SEOUL, Nov. 2 (Korea Bizwire) – The head of the Fair Trade Commission, Kim Sang-jo, announced plans to investigate the management of private foundations owned by major companies, as part of efforts to reform conglomerates and improve transparency, during a policy meeting today.
The FTC made the announcement at today’s policy gathering in Seoul with CEOs of five major conglomerates, also known as chaebol in South Korea, including Samsung, Hyundai Motor, SK, LG and Lotte, while urging major companies to do more to reform their corporate structure.
Speaking to the press, Kim raised questions over the willingness of chaebol to cooperate on reforms, saying, “There is still doubt over the companies’ willingness to voluntarily help bring about reforms (to current corporate structure).”
During the meeting, Kim also made public the FTC’s plans to investigate private foundations owned by conglomerates through a special supervisory committee, which will make sure the foundations are being run ethically.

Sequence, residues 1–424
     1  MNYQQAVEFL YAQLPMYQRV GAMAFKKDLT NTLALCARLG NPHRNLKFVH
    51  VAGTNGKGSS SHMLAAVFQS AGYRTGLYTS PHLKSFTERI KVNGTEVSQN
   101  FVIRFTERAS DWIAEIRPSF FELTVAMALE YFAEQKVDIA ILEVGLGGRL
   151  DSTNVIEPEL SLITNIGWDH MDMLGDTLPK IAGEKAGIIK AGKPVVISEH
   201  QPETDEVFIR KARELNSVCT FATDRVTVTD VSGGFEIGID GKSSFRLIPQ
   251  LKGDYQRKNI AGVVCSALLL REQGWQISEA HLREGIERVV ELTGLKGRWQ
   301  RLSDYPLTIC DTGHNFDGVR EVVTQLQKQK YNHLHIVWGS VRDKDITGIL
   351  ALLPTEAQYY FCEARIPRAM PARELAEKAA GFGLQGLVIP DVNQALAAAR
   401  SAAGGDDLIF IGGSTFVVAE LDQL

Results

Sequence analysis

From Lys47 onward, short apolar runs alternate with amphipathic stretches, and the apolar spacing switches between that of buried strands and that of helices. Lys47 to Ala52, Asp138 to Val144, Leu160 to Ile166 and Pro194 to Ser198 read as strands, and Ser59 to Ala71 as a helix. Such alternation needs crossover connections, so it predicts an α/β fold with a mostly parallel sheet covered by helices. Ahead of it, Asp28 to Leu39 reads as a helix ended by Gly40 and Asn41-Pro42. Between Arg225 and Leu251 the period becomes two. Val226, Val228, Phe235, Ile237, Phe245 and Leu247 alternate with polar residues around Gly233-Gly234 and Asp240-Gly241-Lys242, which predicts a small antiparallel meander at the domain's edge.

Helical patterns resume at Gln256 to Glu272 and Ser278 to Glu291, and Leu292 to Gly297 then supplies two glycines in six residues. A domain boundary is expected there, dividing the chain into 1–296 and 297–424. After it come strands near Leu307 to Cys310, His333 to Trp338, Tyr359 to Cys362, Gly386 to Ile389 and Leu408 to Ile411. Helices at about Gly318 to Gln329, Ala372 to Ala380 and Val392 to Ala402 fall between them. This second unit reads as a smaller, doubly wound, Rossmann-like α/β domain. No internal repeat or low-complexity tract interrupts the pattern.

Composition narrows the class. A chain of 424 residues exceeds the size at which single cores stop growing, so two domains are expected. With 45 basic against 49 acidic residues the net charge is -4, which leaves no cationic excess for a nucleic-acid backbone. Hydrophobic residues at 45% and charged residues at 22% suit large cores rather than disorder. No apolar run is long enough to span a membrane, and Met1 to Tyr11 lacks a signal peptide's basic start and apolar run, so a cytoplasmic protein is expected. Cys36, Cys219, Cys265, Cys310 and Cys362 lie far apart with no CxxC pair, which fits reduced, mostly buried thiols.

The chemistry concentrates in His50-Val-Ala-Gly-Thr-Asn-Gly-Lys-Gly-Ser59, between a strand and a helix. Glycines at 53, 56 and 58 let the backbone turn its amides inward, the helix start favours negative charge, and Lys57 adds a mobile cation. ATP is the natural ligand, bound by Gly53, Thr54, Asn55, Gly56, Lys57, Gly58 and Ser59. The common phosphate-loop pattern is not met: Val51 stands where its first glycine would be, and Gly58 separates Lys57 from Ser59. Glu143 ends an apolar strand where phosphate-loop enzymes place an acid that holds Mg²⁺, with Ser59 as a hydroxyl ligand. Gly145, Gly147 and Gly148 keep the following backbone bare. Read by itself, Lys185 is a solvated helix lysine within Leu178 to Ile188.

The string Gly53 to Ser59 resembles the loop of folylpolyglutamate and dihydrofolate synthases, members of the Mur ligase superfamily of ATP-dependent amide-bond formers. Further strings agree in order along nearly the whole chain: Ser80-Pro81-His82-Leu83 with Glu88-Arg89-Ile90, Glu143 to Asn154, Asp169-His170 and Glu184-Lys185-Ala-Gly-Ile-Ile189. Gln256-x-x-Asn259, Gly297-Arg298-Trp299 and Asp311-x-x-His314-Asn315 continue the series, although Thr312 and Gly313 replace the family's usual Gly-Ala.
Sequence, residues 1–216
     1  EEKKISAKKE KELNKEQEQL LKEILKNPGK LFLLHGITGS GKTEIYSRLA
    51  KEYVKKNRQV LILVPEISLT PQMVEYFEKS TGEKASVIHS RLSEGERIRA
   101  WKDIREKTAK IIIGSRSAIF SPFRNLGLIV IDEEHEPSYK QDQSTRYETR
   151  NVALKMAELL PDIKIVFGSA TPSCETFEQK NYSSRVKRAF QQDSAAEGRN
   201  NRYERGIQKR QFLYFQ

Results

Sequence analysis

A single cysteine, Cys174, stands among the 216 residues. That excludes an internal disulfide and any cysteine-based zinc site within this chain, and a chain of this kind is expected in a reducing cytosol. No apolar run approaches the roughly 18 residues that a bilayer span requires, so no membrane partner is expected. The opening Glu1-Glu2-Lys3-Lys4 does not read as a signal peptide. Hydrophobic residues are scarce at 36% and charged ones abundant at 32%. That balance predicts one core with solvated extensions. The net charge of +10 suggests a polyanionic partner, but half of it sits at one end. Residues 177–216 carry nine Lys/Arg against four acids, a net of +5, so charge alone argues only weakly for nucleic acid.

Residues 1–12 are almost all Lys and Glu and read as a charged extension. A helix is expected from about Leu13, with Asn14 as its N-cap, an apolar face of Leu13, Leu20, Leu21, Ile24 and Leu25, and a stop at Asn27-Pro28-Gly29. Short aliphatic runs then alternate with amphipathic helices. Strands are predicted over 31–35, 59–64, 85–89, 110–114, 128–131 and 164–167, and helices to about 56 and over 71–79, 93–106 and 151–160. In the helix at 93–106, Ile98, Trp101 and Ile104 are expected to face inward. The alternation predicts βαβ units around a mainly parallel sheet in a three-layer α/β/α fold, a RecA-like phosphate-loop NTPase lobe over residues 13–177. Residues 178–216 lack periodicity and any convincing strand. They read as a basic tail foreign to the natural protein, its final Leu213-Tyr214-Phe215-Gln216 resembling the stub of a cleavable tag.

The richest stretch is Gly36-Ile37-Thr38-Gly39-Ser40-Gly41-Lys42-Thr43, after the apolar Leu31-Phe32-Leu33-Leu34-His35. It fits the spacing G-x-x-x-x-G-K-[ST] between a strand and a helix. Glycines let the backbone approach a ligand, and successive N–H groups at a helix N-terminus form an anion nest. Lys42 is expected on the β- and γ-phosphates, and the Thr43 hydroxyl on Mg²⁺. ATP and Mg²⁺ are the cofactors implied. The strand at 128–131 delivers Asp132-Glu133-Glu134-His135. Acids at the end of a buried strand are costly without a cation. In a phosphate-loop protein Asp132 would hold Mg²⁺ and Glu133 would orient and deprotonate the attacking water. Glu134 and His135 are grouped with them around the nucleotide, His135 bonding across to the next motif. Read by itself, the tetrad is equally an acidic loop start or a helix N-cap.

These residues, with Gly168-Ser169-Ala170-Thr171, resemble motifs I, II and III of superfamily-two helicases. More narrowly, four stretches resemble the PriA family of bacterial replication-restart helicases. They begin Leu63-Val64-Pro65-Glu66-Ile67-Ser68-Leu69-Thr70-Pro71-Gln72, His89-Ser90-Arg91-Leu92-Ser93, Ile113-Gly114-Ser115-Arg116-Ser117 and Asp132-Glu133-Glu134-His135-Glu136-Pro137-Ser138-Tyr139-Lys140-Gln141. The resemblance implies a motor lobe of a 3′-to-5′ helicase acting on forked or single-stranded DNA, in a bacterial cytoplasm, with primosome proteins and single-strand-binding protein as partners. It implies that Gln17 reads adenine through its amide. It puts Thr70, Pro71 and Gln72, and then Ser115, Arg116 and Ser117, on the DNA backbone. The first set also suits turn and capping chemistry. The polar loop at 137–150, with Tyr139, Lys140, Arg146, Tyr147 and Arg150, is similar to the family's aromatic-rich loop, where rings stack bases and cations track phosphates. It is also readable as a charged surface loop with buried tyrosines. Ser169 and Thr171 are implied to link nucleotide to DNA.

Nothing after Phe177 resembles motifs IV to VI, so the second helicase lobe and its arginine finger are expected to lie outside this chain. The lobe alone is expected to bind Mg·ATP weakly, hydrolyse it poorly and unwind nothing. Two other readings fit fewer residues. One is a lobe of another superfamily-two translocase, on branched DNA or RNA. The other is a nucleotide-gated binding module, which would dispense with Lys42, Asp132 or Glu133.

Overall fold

These private foundations have faced criticism in the past over allegations that many are being used as mere tools for corporate owner families to indirectly control their assets, contrary to their original purpose, which is pursuing public interest.
According to Kim, corporate-owned private foundations that meet certain criteria have been given tax benefits, and the FTC is resolute that it will crack down on any unethical activities that go against the original purpose of establishing private foundations.
If necessary, Kim said the FTC will introduce voting right restrictions among shareholders and owner families to reform the current corporate structure in the country.
In addition, holding companies will be examined by the commission to discover possible wrongdoings in relation to consulting commissions and brand royalties, as well as acts of corruption between business partners.
Kim also addressed criticism over being too harsh on businesses, saying the special supervisory committee was launched not only for regulations and investigation, but also to introduce policy and legal reforms to improve transparency.
Prior to the meeting, which was held today at the headquarters of Korea Chamber of Commerce and Industry, Kim met with the CEOs of Samsung, Hyundai Motor, SK and LG in June and called on the companies to set examples for others in helping achieve chaebol reforms.
Ashley Song (firstname.lastname@example.org)